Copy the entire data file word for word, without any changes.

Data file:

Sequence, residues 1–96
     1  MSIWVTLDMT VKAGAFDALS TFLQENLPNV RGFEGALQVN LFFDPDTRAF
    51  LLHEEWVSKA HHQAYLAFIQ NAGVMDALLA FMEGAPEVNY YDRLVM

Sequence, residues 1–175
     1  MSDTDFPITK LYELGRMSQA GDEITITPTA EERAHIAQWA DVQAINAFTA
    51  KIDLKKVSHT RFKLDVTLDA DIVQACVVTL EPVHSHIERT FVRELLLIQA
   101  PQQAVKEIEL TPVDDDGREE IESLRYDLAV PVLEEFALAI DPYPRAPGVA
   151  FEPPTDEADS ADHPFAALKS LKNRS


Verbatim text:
Sequence, residues 1–96
     1  MSIWVTLDMT VKAGAFDALS TFLQENLPNV RGFEGALQVN LFFDPDTRAF
    51  LLHEEWVSKA HHQAYLAFIQ NAGVMDALLA FMEGAPEVNY YDRLVM

Sequence, residues 1–175
     1  MSDTDFPITK LYELGRMSQA GDEITITPTA EERAHIAQWA DVQAINAFTA
    51  KIDLKKVSHT RFKLDVTLDA DIVQACVVTL EPVHSHIERT FVRELLLIQA
   101  PQQAVKEIEL TPVDDDGREE IESLRYDLAV PVLEEFALAI DPYPRAPGVA
   151  FEPPTDEADS ADHPFAALKS LKNRS